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A gut bacterium as a fountain of youth? Well, let’s start with reversing insulin resistance

A gut bacterium as a fountain of youth? Well, let’s start with reversing insulin resistance

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Move over Bifidobacterium and Lactobacillus. There’s a new health-promoting gut bacterium in town, and it’s called Akkermansia muciniphila.

You will not find its benefits at the bottom of a yogurt cup. But a new study has identified more than one way to nurture its growth in the gut, and offered evidence that it may maintain—and even restore—health as we age.

Published this week in the journal Science Translational Medicine, the new research found that in mice and monkeys whose metabolisms had grown cranky with age, taking steps to boost A. muciniphila in the gut reduced the animals’ insulin resistance.

Insulin resistance is the gradual impairment of the body’s ability to efficiently use food for fuel. It is best known as a way station on a patient’s path to developing type 2 diabetes.

But insulin resistance is also linked to a rogue’s gallery of ills, from obesity and inflammation to the sagging immunity and frailty that comes with advancing age. If a readily available means of slowing or reversing insulin resistance could be identified, it might have broad and powerful anti-aging effects (in addition to protecting some of the world’s 650 million adults who are obese against developing type 2 diabetes).

First identified in 2004, Akkermansia muciniphila inhabits the large intestine and is thought to account for between 1 percent and 5 percent of all intestinal bacteria in adults. Scientists suspect it helps preserve the coat of mucus that lines the walls of our intestines. It may also play a role in making the polyphenols we eat in plant-based foods more available to our cells.

Evidence is mounting that A. muciniphila is involved in obesity, glucose metabolism and intestinal immunity.

For instance, a 2018 study of cancer patients suggests that it plays a role in immune response. Compared to patients who failed to be helped by a new generation of immunotherapy, those who did had a greater abundance of Akkermansia in their guts. When researchers took the stool of a patient who responded positively to the cancer-fighting therapy and transplanted it into lab animals with human cancers, the recipients became more likely to respond positively to the same treatment.

In the new research, a team from the National Institute on Aging examined the molecular chain of events that appears to result from A. muciniphila’s depletion in mice and macaque monkeys. And they assessed the effects of restoring this gut microbe to elderly animals.

First, they documented that the guts of older animals had markedly smaller populations of A. muciniphila than the guts of young animals, and that as A. muciniphila became more scarce, so did butyrate, one of the gut’s key protectors.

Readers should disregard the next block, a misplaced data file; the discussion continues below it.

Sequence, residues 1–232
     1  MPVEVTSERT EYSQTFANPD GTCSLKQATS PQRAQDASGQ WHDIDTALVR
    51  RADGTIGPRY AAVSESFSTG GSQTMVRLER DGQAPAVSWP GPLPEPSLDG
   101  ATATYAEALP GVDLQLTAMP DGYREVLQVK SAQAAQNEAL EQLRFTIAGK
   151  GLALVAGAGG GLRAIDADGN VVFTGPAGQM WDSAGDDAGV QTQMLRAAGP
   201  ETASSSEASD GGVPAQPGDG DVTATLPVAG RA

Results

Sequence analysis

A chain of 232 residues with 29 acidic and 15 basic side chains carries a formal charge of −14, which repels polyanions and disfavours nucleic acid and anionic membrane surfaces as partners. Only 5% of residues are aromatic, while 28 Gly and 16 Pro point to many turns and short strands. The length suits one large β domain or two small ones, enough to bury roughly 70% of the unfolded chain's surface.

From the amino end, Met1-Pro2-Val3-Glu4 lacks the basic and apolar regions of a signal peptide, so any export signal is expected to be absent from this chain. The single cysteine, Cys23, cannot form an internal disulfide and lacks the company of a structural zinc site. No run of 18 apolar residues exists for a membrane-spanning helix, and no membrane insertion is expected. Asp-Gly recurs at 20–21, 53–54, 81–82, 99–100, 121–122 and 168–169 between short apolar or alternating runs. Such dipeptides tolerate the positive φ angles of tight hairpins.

The deficiency of these two substances caused the mucous walls of the of the aged animals’ intestines to thin and grow leaky. That corrosive process unleashed a chain of events that touched off inflammation, prompted an immune response and, in a final step, increased insulin resistance.

Key to that final step was the accumulation in the gut of a specific kind of immune cell called 4BL cells. If the detrimental chain of events was to be disrupted, the accumulation of those 4BL cells probably had to be stopped, the researchers surmised.

The researchers also documented what appeared to be a role for A. muciniphila in fostering healthy diversity among the garden of other microbes that colonize the gut. In animals with scant populations of A. muciniphila, a host of other common gut bacteria—as well as their beneficial byproducts, particularly butyrate—also suffered.

When the researchers gave aged mice butyrate, the result was higher A. muciniphila levels and levels of insulin resistance that approached those seen in the younger animals.

They got the same results when they gave aged mice and macaque monkeys the antibiotic enrofloxacin, a broad-spectrum antibiotic used in veterinary medicine. In both animals, enrofloxacin—which is not considered safe for use in humans—routinely wiped out the 4BL cells that were thought to be a key link in the chain leading to insulin resistance. With them out of the picture, A. muciniphila levels rose and insulin resistance largely disappeared, demonstrating their pivotal role.

The results suggest “that the insulin resistance and other pathologies associated with aging and even frailty can be ameliorated by targeting” the cascade of events that flow from the depletion of of Akkermansia muciniphila, the study authors wrote.

Belgian researcher Patrice Cani, who is exploring a probiotic form of Akkermansia that could increase its presence in the human gut, said the new findings are “perfectly in line” with studies that have shown the bacteria’s impact on insulin sensitivity.

Finding the power of this gut bacteria in macaque monkeys is a particularly important step forward that supports “even more the need for future research in humans,” added Cani, who is based at the Catholic University of Louvain in Belgium.

Cani and his colleagues have just finished a small study in humans to investigate the safety and the feasibility of taking Akkermansia in a form that will boost its populations in the gut—a first. The results to date have been encouraging, he said.


Explore further:
Gut microbe battles obesity

More information:
“Commensal bacteria contribute to insulin resistance in aging by activating innate B1a cells,” Science Translational Medicine (2018). stm.sciencemag.org/lookup/doi/ … scitranslmed.aat4271

Journal reference:
Science Translational Medicine

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